Will the next Fed meeting’s decision really make a difference?

So now we're all on tenterhooks until 18th Sept.

So now we're all on tenterhooks until 18th Sept., when we hear if the Federal Reserve has decided to reduce, (‘taper’), its monthly bond purchases. Traders, Treasurers, pension pot holders, emerging market Finance Ministers-this is what we’ve been waiting for since Bernanke first warned us in May/June it may be coming.
However, this certainly will be no surprise-this is not 1994 with its surprise Fed hike and bond market rout. The Fed has done a fantastic job of delivering an unpopular message-the start of the end of cheap money-in a manner designed to cause the least possible market volatility, and maybe the still buoyant level of the S&P 500 is eloquent testimony to their success. The reasons for the S&P's resilience are important.
Developed market countries' stock markets have retained their poise because US bonds yields have been going up for a good reason-and that is the return of growth and optimism, not just in the US, but also in Europe and China. The rise in 10-yr US Treasury yields from 1.4% to 3.0% is best described as a healthy normalisation, as it has been driven by a reduction in the all-pervading fear which has gripped the market since the Lehman bankruptcy, first, and then the emergence of the Eurozone crisis, once the depth of Greece's fiscal mess became clear.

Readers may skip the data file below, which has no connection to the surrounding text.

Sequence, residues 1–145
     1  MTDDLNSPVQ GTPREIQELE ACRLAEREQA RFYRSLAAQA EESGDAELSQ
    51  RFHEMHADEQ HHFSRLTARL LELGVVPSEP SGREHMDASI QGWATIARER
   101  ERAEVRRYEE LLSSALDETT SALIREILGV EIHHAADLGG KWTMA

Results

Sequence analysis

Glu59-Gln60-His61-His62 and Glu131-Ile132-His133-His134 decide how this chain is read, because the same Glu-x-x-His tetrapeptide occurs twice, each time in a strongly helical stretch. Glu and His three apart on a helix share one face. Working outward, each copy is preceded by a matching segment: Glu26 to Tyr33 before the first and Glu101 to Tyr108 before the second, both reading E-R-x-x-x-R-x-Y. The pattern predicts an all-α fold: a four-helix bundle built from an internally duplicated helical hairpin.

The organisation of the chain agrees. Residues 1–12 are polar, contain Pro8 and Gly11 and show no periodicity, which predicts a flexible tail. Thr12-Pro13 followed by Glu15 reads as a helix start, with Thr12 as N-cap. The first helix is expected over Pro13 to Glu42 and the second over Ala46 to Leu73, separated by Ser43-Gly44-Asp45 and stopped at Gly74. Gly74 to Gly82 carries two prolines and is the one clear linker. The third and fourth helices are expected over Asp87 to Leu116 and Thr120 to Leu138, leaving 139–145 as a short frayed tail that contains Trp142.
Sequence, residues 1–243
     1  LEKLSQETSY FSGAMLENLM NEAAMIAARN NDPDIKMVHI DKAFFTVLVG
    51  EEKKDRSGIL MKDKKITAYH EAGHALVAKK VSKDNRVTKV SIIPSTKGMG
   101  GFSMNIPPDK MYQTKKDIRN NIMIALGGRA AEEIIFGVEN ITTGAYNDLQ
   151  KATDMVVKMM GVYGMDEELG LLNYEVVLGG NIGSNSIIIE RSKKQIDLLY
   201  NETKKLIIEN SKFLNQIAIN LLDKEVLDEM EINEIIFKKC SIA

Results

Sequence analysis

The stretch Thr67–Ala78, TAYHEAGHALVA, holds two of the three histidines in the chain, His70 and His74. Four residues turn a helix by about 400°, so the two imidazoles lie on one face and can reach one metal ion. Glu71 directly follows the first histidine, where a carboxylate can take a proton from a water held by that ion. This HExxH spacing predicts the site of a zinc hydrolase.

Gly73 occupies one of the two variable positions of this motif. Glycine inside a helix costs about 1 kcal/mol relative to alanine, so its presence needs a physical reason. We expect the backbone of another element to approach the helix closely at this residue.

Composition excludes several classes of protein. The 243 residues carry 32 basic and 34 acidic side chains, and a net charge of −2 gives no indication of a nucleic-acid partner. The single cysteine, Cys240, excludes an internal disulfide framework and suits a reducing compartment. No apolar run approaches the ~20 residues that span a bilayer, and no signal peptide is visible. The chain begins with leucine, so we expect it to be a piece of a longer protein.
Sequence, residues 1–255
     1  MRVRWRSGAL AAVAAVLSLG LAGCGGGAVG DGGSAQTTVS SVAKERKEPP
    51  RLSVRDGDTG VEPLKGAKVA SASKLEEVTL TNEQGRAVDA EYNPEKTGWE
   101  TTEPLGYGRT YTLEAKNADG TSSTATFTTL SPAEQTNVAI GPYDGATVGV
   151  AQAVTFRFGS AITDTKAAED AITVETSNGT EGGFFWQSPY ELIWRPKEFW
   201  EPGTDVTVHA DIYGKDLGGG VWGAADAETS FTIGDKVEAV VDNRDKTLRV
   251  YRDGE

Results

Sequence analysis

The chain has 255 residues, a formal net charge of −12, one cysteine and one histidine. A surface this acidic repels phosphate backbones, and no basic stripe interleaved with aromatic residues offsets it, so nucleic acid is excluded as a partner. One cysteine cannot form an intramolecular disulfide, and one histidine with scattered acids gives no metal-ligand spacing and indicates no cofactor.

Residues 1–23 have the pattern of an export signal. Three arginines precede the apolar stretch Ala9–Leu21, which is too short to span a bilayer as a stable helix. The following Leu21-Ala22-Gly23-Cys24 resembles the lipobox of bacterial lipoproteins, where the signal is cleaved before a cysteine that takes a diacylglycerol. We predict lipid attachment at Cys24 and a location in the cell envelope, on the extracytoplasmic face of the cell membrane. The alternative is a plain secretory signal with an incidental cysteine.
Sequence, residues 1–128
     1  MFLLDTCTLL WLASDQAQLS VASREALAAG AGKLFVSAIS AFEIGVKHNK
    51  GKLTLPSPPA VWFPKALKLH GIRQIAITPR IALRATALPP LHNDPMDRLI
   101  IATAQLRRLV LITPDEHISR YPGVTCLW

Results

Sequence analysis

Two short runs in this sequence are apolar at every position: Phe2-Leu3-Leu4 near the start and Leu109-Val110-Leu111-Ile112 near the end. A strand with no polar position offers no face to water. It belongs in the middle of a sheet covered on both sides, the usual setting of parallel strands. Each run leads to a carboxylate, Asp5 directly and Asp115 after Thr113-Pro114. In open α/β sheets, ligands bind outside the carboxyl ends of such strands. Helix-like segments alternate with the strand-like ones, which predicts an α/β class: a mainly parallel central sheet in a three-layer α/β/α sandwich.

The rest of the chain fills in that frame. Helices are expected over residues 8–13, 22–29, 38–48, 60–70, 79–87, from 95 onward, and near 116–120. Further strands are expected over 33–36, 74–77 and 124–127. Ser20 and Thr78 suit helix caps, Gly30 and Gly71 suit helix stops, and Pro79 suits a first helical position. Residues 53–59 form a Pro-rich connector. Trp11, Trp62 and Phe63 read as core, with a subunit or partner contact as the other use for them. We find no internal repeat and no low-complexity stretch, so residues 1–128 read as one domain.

This basic human response to seek safe-haven has played an equally important part as that of QE in keeping yields subdued.
Only in the last six months have we started to return to the 'normal' modus operandum, in which long term yields are the sum of compounded short rates and the risk premium, the latter being investors' judgement of future liquidity, credit, and fiscal and monetary policy uncertainty over the life of the bond.
Paradoxically, desperate safe-haven flight far outweighed those factors for US Treasuries, and collapsed the risk premium. We have now returned to a normal state of affairs, with the Eurozone crisis also contained, as we all belatedly came to appreciate that political will would easily overcome any economic maladies.
This has lead me to the scary conclusion that while the FOMC's pronouncements on 18th may prompt a temporary rally in US Treasuries, (especially as there is a 50 per cent probability that they will lower the employment threshold for rate rises from 6.5 per cent to 6 per cent), but that will be a great opportunity to sell bonds.
This is a bond bear market-and companies like Verizon are very wise indeed to lock in cheap borrowing. Growth is on the rise worldwide, (even rather anaemically in Europe), and I'm afraid the Fed won't have any room for hesitation driven by concerns over the effect of tapering on emerging markets, as was made abundantly clear by a couple of senior Fed officials at the Jackson Hole conference. No wonder; the Fed-haters in the Senate would have a field day if the FOMC seemed to be managing other countries' economies for them. (Of course, those Senators give no thought for the potential negative feedback effects that an EM crisis could have on the US).
Let's say the Fed doesn’t actually taper QE at all, that will send stock markets soaring and give business confidence another boost-quickly pushing yields higher anyway.

Ben Bernanke Photograph: Getty Images

Chairman of  Saxo Capital Markets Board